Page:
By Lloyd Alter, TreeHugger
TreeHugger has been covering tiny houses for years; I even own one, the remains of a previous career trying to promote the idea of the tiny house. Notwithstanding the success of people like Jay Shafer and his Tumbleweed Tiny House line, it is still an incredibly tiny niche. What’s holding it back? Over at The Tiny Life, Ryan Mitchell lists the Top 5 Biggest Barriers To The Tiny House Movement; the first three L’s are well-known to me, I am not certain about the last two, and I think he is missing a big one.
“One of the largest hurdles for people wanting to live in a Tiny House is access to land. Land is expensive, in growing short supply and people want a balance of having land and being close to city or town centers where they can access services, entertainment and employment.”
One of the main reasons people are interested in tiny houses is that they are relatively cheap. Once you try to buy land, it’s not anymore, and the actual tiny house becomes the least expensive part of the equation.
“At this point, banks donít feel that Tiny Houses are a viable option because they donít have a good resale value.”
There are loans available for recreational vehicles and trailers, but the interest rate is high and you have to provide personal security. If you can plop it on the ground that you own, then you might be able to get a traditional mortgage, but don’t bet on it.
This one is the real killer; many municipalities have minimum square footage requirements because they like the higher tax assessments. Even where I am now deep in the middle of nowhere, they have them. They insist on full water and sewer systems that can cost more than the house. They don’t allow trailers so you can’t just leave it on the chassis. They don’t want tiny houses, period.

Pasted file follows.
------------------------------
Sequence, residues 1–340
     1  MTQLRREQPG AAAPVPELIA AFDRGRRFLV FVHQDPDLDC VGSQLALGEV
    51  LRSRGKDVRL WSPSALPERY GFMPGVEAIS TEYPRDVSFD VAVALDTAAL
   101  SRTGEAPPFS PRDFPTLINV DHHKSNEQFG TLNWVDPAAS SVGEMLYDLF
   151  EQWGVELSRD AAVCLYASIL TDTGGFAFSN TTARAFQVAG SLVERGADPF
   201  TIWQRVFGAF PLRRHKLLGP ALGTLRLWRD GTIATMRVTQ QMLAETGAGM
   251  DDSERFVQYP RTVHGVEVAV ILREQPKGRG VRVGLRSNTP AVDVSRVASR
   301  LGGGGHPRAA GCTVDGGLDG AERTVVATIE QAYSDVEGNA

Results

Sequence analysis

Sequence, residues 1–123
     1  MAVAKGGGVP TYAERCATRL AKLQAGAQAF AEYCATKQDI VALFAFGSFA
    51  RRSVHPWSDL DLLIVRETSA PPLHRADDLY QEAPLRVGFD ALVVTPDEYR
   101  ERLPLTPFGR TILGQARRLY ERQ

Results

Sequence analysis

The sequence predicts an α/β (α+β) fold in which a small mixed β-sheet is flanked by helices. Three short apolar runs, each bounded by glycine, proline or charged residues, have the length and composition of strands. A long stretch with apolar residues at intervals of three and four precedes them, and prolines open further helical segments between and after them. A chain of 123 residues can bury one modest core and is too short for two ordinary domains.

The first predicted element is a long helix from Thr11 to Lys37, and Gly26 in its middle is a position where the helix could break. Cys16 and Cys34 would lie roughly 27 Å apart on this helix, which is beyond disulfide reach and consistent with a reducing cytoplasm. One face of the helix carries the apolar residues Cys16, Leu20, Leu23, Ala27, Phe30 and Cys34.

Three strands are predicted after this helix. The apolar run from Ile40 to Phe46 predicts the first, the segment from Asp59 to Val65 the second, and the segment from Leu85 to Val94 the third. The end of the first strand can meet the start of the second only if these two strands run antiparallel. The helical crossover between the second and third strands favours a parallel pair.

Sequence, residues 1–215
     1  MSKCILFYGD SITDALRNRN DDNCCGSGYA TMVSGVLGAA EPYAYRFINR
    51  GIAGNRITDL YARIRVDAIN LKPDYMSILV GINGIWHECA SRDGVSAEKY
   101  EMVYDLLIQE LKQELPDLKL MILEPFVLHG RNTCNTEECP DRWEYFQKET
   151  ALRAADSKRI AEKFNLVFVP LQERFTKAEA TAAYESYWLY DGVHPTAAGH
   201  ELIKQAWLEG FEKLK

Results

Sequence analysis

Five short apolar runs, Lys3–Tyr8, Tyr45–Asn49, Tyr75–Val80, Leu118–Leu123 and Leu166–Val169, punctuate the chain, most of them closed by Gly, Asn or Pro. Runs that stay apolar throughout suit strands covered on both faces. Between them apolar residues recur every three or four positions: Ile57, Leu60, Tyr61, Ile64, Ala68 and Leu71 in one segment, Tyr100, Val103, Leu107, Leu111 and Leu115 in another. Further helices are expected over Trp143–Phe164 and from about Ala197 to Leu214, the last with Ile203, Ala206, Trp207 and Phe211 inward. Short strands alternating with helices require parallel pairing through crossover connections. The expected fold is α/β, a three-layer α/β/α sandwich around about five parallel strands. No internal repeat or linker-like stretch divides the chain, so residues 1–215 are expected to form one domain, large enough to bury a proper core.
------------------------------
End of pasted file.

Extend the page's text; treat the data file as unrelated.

4. Social Pressures
“In our society today, bigger is better, more is better, we are conditioned to want more and more stuff. These cultural norms are a very strong current in maintaining the status quo. Tiny Houses fly in the face of such things, questioning much of what people hold dear.”
This is fundamentally where I think Ryan, and much of the movement, goes wrong. Lots of people all over the world live in tiny houses; they are called apartments. Families all over Europe and Asia are raised in a couple of hundred square feet, and single people have no problem with it. In cities like Vancouver, tiny houses are popping up in back lanes everywhere. But much of the Tiny House movement seems to be about replacing a conventional suburban or exurban model with… a tiny house.
“When faced with the prospect of bucking the system, initiating a radical lifestyle change, and spending a good chunk of money to do it, it can be scary.”
Here again, it is only such a radical lifestyle change if you are in bug-out country, off-grid, out in the woods. Ben Brown of Placeshakers lived in a 308 square foot Katrina Cottage by Marianne Cusato, and concluded that “It takes a town.”
“The trick to living large in small spaces is to have great public places to go to Ė preferably by foot or on a bike Ė once youíre outside your private retreat. …. No problem feeding the private, nesting impulse with cottage living; but the smaller the nest, the bigger the balancing need for community.”
Ryan’s Tiny House Movement doesn’t seem to have much of a community. In fact, in his land section, he writes:
“To have a Tiny House, you donít need much land for the actual house, but you do need enough to be able to obscure the house from prying eyes in order to fly under the radar of code enforcement and curmudgeons.”
That is a world apart from Ben Brown’s idea of a tiny house. In fact, the only way the tiny house movement is going to succeed is if people get together and build intentional communities of tiny houses, which will solve the land, loans and laws problem and eliminate the fear and social pressures ones. But that doesn’t seem to be what members of the movement actually want.
(More in The Tiny Life.)